Naltrexone, an FDA-approved medication, has traditionally been used for opioid withdrawal since the 1980s; for this purpose, it is used at a higher, standard dose of 50 mg per day.

However, low doses of this medication (hence, the name Low-Dose Naltrexone or LDN), have been found to modulate the immune system and have shown promise in improving cases of autoimmune disease such as Hashimoto’s.

Survey results showed that, while only 38 percent of those that tried LDN reported feeling better, the ones that saw benefits had some spectacular results:

  • 48 percent were able to reduce thyroid antibodies
  • 61 percent saw an improvement in mood
  • 66 percent were able to have more energy
  • 40 percent saw a reduction in pain

One reader even wrote:

“Low Dose Naltrexone changed my life for the better. If I had not added that to my regimen, I would still be suffering from nerve pain and uncontrollable allergy symptoms, in addition to the problems I have from the Hashimoto’s.”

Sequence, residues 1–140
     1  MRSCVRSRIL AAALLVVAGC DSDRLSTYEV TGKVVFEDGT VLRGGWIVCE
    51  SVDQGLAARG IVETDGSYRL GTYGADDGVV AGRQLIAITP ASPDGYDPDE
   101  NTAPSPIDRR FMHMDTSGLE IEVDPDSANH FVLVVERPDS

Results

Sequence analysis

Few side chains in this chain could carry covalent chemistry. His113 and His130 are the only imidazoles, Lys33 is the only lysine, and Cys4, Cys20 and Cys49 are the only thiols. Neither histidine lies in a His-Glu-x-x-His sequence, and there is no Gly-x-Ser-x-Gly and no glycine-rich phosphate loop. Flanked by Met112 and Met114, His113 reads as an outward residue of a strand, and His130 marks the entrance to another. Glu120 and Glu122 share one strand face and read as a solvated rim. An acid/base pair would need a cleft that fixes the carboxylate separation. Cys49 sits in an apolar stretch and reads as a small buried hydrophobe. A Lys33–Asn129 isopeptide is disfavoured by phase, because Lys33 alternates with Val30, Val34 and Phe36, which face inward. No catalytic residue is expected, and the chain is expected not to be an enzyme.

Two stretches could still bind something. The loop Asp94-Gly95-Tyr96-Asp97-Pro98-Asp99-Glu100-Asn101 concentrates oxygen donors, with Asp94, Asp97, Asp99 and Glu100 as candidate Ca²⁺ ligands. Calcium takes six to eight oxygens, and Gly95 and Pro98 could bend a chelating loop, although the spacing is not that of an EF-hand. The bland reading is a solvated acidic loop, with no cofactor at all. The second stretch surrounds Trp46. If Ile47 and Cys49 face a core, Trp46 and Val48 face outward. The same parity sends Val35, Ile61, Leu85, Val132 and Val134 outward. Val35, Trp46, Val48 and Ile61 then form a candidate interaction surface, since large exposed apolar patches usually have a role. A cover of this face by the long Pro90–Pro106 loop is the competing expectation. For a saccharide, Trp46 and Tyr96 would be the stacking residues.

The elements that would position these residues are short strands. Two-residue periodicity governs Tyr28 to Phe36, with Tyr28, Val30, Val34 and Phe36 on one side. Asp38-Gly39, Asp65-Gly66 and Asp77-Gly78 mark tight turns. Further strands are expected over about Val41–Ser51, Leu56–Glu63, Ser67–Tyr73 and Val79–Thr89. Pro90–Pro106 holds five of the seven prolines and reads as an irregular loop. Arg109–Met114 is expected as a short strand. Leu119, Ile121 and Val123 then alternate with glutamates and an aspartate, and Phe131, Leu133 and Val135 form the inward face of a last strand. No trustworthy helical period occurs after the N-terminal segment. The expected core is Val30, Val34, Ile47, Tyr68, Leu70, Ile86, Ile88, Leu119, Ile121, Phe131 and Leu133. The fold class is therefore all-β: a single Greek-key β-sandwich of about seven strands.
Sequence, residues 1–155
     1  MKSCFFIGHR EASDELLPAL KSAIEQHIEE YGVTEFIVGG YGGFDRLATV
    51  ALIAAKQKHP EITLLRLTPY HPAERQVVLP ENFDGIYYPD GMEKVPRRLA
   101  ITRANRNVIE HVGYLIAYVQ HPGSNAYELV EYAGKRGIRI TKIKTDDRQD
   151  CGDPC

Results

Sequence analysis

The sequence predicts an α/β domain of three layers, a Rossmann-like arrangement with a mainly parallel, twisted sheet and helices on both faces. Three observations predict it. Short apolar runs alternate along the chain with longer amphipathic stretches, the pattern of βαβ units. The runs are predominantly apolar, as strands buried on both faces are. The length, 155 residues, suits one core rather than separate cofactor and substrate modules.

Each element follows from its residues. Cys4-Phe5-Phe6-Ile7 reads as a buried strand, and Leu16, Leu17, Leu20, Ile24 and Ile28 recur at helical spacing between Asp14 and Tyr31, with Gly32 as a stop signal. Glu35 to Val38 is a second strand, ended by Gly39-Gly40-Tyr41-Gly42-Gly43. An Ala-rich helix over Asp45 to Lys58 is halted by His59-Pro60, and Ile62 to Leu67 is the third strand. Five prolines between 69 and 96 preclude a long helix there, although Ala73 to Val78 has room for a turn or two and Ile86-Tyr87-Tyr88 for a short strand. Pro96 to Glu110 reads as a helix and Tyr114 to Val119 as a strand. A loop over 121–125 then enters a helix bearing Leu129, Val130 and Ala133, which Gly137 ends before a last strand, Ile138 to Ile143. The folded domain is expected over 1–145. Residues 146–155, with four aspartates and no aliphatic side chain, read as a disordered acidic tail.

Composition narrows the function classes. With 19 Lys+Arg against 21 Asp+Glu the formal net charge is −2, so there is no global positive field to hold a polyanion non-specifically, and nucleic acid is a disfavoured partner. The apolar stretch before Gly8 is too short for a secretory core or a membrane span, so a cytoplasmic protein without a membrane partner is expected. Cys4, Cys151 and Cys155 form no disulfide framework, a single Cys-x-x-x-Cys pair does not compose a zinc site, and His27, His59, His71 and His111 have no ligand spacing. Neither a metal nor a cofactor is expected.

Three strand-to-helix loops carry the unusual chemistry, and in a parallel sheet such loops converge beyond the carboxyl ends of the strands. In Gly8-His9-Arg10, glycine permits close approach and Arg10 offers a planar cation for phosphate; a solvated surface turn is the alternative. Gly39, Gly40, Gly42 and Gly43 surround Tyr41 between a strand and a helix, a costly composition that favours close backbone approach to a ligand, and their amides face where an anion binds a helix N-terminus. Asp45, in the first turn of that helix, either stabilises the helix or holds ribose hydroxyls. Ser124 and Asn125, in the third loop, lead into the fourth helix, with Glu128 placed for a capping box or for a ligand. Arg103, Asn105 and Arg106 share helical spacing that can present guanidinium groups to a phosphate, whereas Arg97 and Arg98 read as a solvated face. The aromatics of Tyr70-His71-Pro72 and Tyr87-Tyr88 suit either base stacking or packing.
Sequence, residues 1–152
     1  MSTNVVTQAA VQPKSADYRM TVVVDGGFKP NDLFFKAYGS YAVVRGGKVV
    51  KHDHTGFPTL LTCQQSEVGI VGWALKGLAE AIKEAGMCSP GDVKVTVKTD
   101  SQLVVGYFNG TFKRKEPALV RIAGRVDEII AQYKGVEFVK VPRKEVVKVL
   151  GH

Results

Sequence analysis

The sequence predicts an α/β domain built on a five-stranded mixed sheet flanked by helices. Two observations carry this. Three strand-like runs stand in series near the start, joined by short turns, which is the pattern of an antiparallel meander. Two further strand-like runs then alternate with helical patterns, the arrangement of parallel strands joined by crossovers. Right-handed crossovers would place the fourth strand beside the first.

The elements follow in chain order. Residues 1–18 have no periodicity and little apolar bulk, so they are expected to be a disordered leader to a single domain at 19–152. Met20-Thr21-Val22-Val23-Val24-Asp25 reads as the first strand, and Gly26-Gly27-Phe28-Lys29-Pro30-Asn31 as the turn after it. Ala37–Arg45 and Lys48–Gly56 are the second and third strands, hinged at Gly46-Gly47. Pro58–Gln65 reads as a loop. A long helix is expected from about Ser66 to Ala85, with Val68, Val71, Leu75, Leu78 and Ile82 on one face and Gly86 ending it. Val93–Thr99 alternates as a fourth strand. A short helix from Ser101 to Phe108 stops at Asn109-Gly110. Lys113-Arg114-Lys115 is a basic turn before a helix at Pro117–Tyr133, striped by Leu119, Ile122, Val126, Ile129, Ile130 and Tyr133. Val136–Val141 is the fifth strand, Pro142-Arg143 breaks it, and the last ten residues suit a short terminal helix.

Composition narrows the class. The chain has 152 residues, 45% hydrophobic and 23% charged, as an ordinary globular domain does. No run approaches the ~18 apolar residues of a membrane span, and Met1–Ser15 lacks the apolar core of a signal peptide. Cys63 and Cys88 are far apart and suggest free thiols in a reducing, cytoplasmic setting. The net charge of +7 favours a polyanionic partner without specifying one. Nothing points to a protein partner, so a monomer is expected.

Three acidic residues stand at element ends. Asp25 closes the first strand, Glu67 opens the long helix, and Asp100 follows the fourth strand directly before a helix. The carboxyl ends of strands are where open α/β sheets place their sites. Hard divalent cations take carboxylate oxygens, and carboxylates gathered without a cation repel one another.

How does LDN work to produce such great results? It balances the immune system by reducing specific immune cells called Th-17, which promote autoimmunity. This means that it turns off the cells that cause autoimmunity! It also boosts levels of endorphins, which modulate the immune system.

I recommend doses of 1.5 to 4.5 mg per day. As always, be sure to discuss with your doctor to determine if LDN is right for you and your needs.

For more information, check out my article on LDN.


9. Probiotics Can Help Normalize Weight and Improve Gut Health

Lastly, probiotics (good bacteria that help balance our gut flora) seemed to be very beneficial for many of those who took my survey.

About 75 percent said it made them feel better. Only three percent said that probiotics made them feel worse. I suspect the bad reactions were due to having SIBO, which can cause reactions to most probiotics.

Of note, 36 percent of people felt that probiotics helped them normalize their weight.